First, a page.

恭喜发财: CHINESE NEW YEAR
Traditional, beautiful, complicated, crucially important and often overlooked: have you planned for Chinese New Year?
February 16th 2018 marks the start of the Chinese year of the dog, and the beginning of two weeks of colourful, luminous, noisy and delicious festivities.
With Christmas taking so much planning, many marketers and events planners here in the UK often neglect to plan for the celebration, which seems odd given how important the Chinese market is to Britain, particularly in a post-Brexit world and following Prime Minister May and President Xi’s promise of a“Golden Era” in Sino-British strategic relations.
The allure of the Chinese market Is nothing new. Most businesses with global ambitions have a strategy for attracting and engaging Chinese customers, partners and suppliers but few have anything more than a surface understanding of Chinese culture, which often means that their marketing executions fall short of the mark, or worse, come across as superficial and culturally reductionist.
Chinese New Year is an elongated festive period with recognised cadences and events within events. It is celebrated as a time for reunion, it’s also a time for cleansing and a celebration of good fortune, happiness, wealth and longevity.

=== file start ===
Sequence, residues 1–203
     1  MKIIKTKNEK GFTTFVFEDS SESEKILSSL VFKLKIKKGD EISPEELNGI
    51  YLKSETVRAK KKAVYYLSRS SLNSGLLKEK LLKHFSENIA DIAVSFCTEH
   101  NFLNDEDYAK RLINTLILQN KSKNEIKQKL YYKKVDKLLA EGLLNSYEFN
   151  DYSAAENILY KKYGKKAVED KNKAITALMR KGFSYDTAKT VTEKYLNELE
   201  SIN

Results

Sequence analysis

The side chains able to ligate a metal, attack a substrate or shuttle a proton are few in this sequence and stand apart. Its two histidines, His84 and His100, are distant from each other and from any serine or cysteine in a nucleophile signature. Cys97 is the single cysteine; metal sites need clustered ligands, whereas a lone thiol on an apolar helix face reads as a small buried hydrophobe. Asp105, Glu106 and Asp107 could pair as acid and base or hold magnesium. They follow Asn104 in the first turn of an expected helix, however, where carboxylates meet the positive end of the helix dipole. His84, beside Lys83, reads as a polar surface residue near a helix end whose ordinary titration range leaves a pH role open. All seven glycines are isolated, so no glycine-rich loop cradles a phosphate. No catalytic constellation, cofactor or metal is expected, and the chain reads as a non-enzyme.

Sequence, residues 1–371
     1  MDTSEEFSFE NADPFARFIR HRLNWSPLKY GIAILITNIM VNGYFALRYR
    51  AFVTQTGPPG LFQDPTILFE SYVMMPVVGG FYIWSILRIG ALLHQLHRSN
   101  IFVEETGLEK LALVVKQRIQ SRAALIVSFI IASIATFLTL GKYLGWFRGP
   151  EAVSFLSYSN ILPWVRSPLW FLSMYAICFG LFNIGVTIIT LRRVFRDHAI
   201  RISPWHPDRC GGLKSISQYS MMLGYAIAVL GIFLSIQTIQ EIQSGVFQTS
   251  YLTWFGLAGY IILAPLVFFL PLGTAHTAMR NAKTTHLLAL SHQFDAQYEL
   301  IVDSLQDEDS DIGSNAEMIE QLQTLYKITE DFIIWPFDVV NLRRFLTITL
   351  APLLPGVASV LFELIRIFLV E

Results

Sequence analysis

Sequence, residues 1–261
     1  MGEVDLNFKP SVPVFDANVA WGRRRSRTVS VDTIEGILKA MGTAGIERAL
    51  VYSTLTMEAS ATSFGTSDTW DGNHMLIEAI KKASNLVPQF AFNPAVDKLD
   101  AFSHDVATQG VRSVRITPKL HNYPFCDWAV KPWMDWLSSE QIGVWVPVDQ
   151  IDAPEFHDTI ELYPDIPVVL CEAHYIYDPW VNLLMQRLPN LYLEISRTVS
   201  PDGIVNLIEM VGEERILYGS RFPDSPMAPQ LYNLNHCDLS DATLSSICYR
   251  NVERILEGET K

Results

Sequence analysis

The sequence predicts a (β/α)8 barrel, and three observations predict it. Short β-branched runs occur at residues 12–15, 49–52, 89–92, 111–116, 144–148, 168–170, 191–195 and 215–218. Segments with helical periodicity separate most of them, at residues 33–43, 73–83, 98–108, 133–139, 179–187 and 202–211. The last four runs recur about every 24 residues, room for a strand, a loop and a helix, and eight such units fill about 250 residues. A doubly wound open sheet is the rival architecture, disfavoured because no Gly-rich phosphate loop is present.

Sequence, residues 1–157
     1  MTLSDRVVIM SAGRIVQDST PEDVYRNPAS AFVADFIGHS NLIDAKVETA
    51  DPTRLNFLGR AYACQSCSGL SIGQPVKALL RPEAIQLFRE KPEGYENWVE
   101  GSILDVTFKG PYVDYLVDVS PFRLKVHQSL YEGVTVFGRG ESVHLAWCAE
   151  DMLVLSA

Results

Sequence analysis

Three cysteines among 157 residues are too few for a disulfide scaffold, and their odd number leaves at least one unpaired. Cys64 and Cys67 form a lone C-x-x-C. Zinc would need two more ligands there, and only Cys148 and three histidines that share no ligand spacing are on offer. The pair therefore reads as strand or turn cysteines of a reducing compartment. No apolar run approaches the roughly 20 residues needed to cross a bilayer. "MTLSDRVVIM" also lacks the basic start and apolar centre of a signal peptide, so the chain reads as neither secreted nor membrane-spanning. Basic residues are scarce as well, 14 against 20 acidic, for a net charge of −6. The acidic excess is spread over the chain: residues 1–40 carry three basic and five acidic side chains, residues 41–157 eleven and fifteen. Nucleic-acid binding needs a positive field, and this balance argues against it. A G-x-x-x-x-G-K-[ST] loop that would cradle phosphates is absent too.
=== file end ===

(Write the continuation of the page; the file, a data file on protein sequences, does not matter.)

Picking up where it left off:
Common activities like the giving of red envelopes and lighting of firecrackers are well-known but a more nuanced understanding will ensure for example, that you avoid organising an event on the third day of Chinese New Year as this is considered an unlucky day to have guests or to go visiting. When planning your catering, bear in mind that the 13th day of new year is when people will eat purely vegetarian food, whereas on the 15th day people tend to celebrate by eating tangyuan, a sweet glutinous rice ball brewed in a soup. Chinese numerology also plays an important part in the superstitions that surround the celebration - the numbers six and eight are considered lucky and gifts in red envelopes should always be made in even numbers, as odd numbers are associated with funerals.
These may seem like trivial observations, but good marketing is about showing your customers that you’ve thought about them and understand their needs.
Consider adding modern twists associated with Chinese social behaviours - did you know that people actually use QR codes in China, and a more transactional culture has meant that Chinese consumers act on platforms like WeChat, very differently to how we might do on WhatsApp or Facebook, for example. This simple observation suddenly introduces scope for lots of creativity around how you communicate with your guests and create your invitations, for example. While a focus on tradition, iconography and symbolism is necessary, we’ve found that it’s important to incorporate modern Western design trends to create beautiful, authentic and relevant interactions.
Above all else, don’t leave Chinese New Year as a post-Christmas after-thought. Do your planning early and recognise that what many might consider to be the dark days of January and February - with their accompanying detoxes and gym routines - are also the year's festive high-point for the world’s second largest economy.
You can view some of our Chinese New Year events in our portfolio.
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